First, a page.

What are the easiest stitch patterns to learn?
The most basic stitch patterns to learn is garter stitch and stockinette or stocking stitch. These two use only plain knit(abbreviation k) and purl stitches (abbreviation p). Once you can knit these, you can move on to seed stitch and single rib, where knit and purl stitches are alternated in specific combinations that are still easy to memorize and suitable for a beginner.
Here are the patterns for garter and stockinette for you to get started:
- To knit garter stitch: knit every row.
- To knit stockinette stitch: knit all uneven numbered rows and purl all the even numbered rows.
How do I remember where I am in a pattern?
Beginner knitters often find it very difficult to tell where they are in a pattern once it’s been put down for any length of time. When you begin knitting, it’s a good idea to use stitch markers to mark every fifth row you knit. In that way, you won’t struggle too much to count the number of rows you’ve already knitted. This is especially handy when knitting something like a scarf!
However: If the pattern you are working in stretches over only two rows (for instance stockinette or seed stitch), rather mark every fourth row. In that way, you can also tell whether your next row should be a knit (k) row or a purl (p) row.
Stitch markers can also be used to mark the right side (RS) and wrong side (WS) of a piece of work by using different colored stitch markers. We suggest doing this kind of marking once you’ve gotten the hang of counting your rows and don’t need to mark them as much anymore. Most patterns will also tell you how to work the right side and the wrong side of the work. For instance, every second row (the WS of the work) may consist only of purl stitches.
If you want to, you can also make a copy of the pattern you’re busy with and highlight the rows as you finish knitting them (or highlight them on your tablet or Kindle!). You can also get electronic row counters, although these are more often used in crochet than in knitting.
Are knitting patterns difficult to read or understand?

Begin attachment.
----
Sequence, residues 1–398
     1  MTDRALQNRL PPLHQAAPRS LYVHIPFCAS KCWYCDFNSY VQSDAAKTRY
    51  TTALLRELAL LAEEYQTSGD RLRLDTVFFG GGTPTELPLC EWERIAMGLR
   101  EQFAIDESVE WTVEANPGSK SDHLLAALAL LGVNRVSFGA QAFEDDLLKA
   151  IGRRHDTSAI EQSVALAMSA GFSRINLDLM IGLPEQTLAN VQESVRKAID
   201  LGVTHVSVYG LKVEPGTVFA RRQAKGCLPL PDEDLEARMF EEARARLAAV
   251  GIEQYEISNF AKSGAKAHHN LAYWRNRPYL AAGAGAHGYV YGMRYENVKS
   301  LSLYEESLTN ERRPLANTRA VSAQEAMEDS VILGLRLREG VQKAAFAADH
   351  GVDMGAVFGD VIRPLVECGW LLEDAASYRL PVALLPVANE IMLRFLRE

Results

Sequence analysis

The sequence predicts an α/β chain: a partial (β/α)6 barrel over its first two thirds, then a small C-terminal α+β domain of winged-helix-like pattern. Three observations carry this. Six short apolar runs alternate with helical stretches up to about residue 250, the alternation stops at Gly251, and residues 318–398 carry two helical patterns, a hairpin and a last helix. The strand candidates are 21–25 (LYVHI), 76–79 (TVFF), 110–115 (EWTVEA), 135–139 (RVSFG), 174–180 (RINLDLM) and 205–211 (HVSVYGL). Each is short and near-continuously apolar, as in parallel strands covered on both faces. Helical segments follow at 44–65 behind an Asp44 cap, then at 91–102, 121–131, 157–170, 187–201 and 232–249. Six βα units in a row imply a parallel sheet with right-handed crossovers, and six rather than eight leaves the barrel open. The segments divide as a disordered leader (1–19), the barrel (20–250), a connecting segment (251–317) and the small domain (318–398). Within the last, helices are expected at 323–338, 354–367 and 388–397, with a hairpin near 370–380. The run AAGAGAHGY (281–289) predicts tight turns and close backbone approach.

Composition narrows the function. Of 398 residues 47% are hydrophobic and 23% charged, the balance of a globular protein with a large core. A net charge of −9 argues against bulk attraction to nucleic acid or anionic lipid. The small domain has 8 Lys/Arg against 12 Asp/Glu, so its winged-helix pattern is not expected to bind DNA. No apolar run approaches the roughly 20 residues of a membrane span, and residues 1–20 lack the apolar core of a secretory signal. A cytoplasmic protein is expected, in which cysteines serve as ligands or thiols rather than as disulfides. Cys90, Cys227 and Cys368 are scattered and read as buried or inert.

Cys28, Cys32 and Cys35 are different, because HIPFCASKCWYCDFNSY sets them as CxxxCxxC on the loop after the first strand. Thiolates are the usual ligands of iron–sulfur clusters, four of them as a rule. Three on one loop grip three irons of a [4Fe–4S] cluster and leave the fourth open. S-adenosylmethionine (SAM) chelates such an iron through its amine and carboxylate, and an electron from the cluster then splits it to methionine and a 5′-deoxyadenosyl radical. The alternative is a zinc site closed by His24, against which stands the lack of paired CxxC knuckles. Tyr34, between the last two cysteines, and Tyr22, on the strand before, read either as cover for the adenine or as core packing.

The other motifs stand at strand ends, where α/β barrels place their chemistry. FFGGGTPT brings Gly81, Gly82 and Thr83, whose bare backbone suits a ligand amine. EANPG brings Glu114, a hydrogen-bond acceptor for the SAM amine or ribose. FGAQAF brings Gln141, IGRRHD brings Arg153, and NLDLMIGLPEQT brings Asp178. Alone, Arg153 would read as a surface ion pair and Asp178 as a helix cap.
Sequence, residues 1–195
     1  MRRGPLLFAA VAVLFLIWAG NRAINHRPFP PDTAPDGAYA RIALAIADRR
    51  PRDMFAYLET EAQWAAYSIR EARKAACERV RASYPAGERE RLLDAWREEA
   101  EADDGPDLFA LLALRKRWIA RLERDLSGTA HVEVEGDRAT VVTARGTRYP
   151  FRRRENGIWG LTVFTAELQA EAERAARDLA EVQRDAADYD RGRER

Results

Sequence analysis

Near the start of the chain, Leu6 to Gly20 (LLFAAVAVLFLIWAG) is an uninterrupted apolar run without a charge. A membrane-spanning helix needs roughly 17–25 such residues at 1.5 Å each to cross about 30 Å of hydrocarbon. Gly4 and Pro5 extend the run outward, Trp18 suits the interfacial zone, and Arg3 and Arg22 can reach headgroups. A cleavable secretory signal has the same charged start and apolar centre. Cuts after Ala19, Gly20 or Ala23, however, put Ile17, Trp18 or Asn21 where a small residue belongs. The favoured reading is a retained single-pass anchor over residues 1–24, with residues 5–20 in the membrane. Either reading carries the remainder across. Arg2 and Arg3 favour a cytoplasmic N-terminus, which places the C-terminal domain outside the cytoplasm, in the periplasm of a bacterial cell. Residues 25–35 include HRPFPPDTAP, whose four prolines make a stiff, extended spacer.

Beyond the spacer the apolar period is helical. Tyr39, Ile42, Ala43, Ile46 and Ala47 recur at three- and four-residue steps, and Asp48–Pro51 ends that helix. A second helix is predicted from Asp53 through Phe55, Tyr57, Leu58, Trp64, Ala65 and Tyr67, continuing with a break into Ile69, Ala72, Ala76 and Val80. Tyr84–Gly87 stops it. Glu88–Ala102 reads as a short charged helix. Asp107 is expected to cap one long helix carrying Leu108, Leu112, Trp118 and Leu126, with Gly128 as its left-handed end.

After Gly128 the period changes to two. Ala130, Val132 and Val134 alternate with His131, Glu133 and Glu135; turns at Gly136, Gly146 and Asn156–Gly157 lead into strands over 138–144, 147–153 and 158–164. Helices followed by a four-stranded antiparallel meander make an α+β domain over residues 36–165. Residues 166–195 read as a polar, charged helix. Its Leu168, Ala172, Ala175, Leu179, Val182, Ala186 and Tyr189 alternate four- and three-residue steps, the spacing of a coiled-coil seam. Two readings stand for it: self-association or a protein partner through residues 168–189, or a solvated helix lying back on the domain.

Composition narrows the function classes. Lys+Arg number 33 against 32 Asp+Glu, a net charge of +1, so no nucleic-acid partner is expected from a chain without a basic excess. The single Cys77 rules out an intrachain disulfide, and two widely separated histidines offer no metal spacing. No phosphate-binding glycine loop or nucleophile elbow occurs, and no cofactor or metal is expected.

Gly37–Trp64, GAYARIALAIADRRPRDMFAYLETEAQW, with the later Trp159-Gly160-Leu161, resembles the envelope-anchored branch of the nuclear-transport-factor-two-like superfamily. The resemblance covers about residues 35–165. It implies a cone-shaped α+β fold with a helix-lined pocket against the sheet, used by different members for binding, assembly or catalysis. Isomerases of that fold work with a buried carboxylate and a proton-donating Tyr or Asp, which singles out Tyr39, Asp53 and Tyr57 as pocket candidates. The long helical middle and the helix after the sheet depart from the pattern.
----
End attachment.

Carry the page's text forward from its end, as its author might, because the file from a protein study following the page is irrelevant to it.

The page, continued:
Beginner knitters may look at a knitting pattern or chart and see only gibberish. However, once you learn the abbreviations of the basic knitting stitches, you will see that knitting patterns are quite easy to read and understand. A good pattern will also give you a key to the abbreviations they are using in the pattern, but most abbreviations are standard.
The abbreviations for the basic knitting stitches beginner knitters use are:
- knit (k)
- purl (p)
- slip stitch (sl)
- increase (inc)
- decrease (dec)
Remember: If you’re a beginner knitter, you should start with a beginner pattern and not an advanced one. In that way, you will organically learn all the abbreviations to the patterns and not struggle.
What’s the difference between straight and circular needles?
There isn’t that much difference between the straight and circular needles, except that the circular needles can also be used to knit in the round. However, both circular knitting needles and straight knitting needles can be used to knit flat pieces like scarves, shawls and the like.
While it’s easier to start out using the straight needles when you’re a beginner knitter, as they give your hands more support, many beginners plus to advanced knitters prefer to always use circular needles, even for small projects. In the end, it depends on what you like to use.
Your first knitting needles
We suggest that you start with straight needles, for instance, these acrylic ones Vibrant Straight Knitting Needle Set. They are just the right length for those just beginning to knit, no matter what their age is (and look how pretty they are!). Once you move on to larger projects, get a good set of circular needles, like this stainless steel one. Not only do these last and last thanks to the stainless steel, but they can also hold a lot more stitches than the straight knitting needles and is suitable for lace knitting as well.
Are you looking forward to beginning knitting? Tell us in the comments below!
You can also ask us any other questions about knitting that you might have.